Happy MMGM, Reading Nook!
Today, we're reviewing the delightful Wish Girl by Nikki Loftin. The book first came across my radar via Favorite Librarian - who insisted it was on his must-read list for the spring.
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Hardcover, 256 pages
Published February 24th 2015 by Razorbill (first published February 1st 2015)
Format read: Finished copy via publisher
Peter Stone’s parents and siblings are extroverts, musicians, and yellers—and the louder they get, the less Peter talks, or even moves, until he practically fits his last name. When his family moves to the Texas Hill Country, though, Peter finds a tranquil, natural valley where he can, at last, hear himself think.
There, he meets a girl his age: Annie Blythe. Annie tells Peter she’s a “wish girl.” But Annie isn’t just any wish girl; she’s a “Make-A-Wish Girl.” And in two weeks she will begin a dangerous treatment to try and stop her cancer from spreading. Left alone, the disease will kill her. But the treatment may cause serious, lasting damage to her brain.
Annie and Peter hatch a plan to escape into the valley, which they begin to think is magical. But the pair soon discovers that the valley—and life—may have other plans for them. And sometimes wishes come true in ways they would never expect.
As Wish Girl opens, Peter Stone and his family have just relocated to the Texas Hill Countryside. While his extroverted family members are finding it hard to adapt, Peter's enjoying the quiet and being able to think - especially in a newly-discovered valley, full of nature and mystery.
During one of his trips to the valley, he meets Annie Blythe, a young girl or a Make-A-Wish-Girl, who is about to undergo dangerous leukemia treatments. Though wary at first, Peter realizes that Annie is a kindered spirit, with big dreams for them both.
With a title like Wish Girl, Loftin firmly establishes early on that:
1) The book will contain elements of magical realism, and
2) Also share some of the challenges of what it is to have to deal with chronic conditions and chronic self-esteem issues from early age.
Loftin handles both aspects extremely well, showing how Peter and Annie quickly bond with one another, clearly finding like-minded spirits in how they both choose to approach the world.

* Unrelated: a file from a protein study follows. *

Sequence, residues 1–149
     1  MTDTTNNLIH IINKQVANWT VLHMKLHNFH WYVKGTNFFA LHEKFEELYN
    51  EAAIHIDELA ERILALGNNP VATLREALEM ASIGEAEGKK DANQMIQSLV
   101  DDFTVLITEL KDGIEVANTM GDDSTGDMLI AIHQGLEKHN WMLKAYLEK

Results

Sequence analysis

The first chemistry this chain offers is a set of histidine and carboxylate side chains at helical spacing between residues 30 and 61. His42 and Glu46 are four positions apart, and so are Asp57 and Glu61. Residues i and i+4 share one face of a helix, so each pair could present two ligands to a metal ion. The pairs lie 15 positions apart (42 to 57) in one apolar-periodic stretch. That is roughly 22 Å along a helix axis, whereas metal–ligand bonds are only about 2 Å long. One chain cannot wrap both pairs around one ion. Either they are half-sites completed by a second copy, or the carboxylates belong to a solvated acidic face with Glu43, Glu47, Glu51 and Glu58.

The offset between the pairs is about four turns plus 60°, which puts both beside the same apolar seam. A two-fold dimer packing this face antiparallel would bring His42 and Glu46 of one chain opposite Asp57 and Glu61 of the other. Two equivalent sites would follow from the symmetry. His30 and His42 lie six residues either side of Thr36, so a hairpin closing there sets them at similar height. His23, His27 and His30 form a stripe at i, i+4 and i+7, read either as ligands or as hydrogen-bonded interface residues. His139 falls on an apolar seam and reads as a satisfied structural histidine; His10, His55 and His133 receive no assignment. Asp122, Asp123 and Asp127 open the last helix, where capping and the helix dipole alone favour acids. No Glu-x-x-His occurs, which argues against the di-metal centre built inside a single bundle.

It's almost like watching two puzzle pieces come together, with Annie's unique, no-holds-barred personality helping Peter come out of his shell, while Peter's desire for quiet and contemplation, helps Annie better figure out what she wants for herself. There's almost an underlying reminder that one sometimes does need to reach out to others - as hard as it may be for someone like Peter - because the reward of that reaching out will be tenfold, as evidenced by the magic of the valley.
And I would be remiss if I didn't mention the magic of the valley at this point. The magic of the valley is felt in every page of the book, but especially as we see how the magic can protect and assist those who are in need. While I'm sure that this is something that will be interpreted differently by each reader, I loved seeing the magic help both Peter and Annie gain self-confidence in their own ways, as needed.
Outside of the core relationship between Peter and Annie, Loftin also asks some thoughtul questions on perception, and how sometimes, we never really know just what another person is thinking, unless we hear it from them. There are a lot of fractured relationships in the book - from Peter's parents, to the two neighborhood bullies, to Peter's own fractured relationship with his family - and without condoning or dismissing them, Loftin challenges us to ask just how those relationships developed that way, and what can be done to fix it.
It's a strong lesson for young readers to comprehend, but it's also a timely one. Loftin is helping young readers begin to accept the idea that face-value appearances aren't always everything (e.g. Peter's initial fear of the Colonel's wife), and that sometimes, we need to make the effort to dig deeper.
I read through Wish Girl in record time, but I was definitely sad to see the story end. I could have easily spent many more days hanging out and enjoying the magic of the valley like Peter and Annie, and I'm confident that readers of all ages will feel the same.
Of special note: Loftin doesn't hesitate to discuss issues like bullying and depression throughout the book, including the various ways that people will deal when faced with such issues.
Educators and parents will likely appreciate her candidness about the issue - Peter isn't the only character to admit to having down moments - and also appreciate her gentle, thoughtful reminders that the world is a magical place, and sometimes, it's up to you to carry on the magic for those who cannot.
Loftin has written a heartaching book (that's also heartwarming and heartbreaking!) on realizing that a person's individual differences are okay, and that there will also be those who will love and embrace your differences, but also give you the strength to stand up for yourself.
I would love to give this book to every Peter and every Annie that I know and will come to know in my life, and I'm confident that other readers will feel the same. I highly recommend this book for fans of middle grade fiction, but also for educators and parents who are looking for books for their younger readers.
About the author:
Nikki Loftin lives and writes just outside Austin, Texas, surrounded by dogs, chickens, and small, loud boys. She is also the author of the multiply starred-reviewedNightingale’s Nest and The Sinister Sweetness of Splendid Academy, which Publishers Weekly called “mesmerizing” and Kirkus called “irresistible." You can visit her online at www.nikkiloftin.com or on Twitter @NikkiLoftin.